Dissertations, Theses and Capstone Projects

Date of Award

Spring 2014

Degree Type


Degree Name

Doctor of Business Administration (DBA)



First Advisor

Dr. Joe Hair

Second Advisor

Dr. Victoria Crittenden

Third Advisor

Dr. Armen Tashchian


Environmentally friendly products have been available since the 1970s receiving both praise and skepticism on the part of consumers. More recently, product focus has shifted towards a product‘s social, economic, and environmental concerns (sustainable products). While consumers admit they would buy sustainable products, this behavior is currently not occurring at the point of purchase. This research contributes to the existing literature by further exploring why a consumer‘s likelihood to purchase sustainable products is not translated into actual sales. Based on an extensive review of the extant literature a theoretical model was developed and tested using an online survey distributed to employees from a Mid-Western community college. The results will be analyzed using Partial Least Squares-Structural Equation Modeling (PLS-SEM). The study contributes to the literature by answering calls from Henry (2009) to use social cognitive theory (Bandura, 1986) and Grant, Franklin, and Langford (2002) to use the Self-Reflection and Insight Scale in a research realm outside of psychology. Moreover, this research tests eco-labels as a antecedent of willingness-to-pay as called for by Laroche, Bergeron, and Barbaro-Forleo (2001). Other contributions of this study include extending the research examining sustainable consumption and using self-efficacy as a mediator. In summary, this research tests a theoretical model to gain insights into the factors influencing likelihood to purchase sustainable products. Overall, sustainability perceptions are strong predictors of likelihood to purchase sustainable products, explaining 63% of the variance.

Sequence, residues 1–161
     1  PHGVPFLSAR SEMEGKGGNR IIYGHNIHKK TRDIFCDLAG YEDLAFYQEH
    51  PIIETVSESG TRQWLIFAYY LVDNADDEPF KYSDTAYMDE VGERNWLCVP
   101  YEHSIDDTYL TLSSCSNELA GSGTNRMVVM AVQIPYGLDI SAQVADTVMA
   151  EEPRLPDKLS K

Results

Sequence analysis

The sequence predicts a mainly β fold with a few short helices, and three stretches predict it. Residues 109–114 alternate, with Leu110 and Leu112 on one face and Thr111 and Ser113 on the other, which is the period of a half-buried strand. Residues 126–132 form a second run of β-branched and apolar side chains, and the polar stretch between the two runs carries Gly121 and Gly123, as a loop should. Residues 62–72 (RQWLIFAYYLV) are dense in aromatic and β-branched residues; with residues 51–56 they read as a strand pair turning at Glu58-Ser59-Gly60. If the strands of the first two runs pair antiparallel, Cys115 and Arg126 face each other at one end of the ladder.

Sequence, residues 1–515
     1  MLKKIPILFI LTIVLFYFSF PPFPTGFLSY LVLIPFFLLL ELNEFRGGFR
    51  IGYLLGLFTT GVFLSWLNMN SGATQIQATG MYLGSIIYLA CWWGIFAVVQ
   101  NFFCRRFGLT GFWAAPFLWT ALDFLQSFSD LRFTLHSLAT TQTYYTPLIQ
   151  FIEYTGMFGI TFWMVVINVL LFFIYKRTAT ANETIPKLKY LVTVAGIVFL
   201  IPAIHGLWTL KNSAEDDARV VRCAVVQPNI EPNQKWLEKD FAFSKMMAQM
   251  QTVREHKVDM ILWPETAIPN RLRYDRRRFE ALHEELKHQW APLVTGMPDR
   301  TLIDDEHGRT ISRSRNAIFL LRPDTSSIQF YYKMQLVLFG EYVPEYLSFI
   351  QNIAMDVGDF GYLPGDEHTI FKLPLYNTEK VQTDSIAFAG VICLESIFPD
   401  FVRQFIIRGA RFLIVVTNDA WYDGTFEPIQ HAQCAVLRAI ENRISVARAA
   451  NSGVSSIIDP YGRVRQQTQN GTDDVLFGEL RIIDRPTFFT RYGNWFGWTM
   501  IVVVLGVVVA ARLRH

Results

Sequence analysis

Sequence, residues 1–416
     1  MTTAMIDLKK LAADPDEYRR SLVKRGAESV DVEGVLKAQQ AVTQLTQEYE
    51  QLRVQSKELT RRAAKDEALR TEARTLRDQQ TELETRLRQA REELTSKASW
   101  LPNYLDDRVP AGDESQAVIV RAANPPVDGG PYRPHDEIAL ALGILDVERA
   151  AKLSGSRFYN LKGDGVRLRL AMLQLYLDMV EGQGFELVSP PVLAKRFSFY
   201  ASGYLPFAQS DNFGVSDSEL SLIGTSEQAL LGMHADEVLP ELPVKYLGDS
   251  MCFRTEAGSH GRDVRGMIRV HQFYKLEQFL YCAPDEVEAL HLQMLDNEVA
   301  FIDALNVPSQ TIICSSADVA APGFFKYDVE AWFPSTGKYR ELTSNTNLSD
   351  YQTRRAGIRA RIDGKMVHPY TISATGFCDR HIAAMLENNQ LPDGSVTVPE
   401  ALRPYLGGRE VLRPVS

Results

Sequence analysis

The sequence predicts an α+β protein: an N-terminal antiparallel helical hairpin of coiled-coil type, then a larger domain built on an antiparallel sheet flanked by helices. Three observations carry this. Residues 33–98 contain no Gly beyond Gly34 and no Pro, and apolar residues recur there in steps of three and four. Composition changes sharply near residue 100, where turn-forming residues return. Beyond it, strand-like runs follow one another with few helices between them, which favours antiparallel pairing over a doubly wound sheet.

Included in

Marketing Commons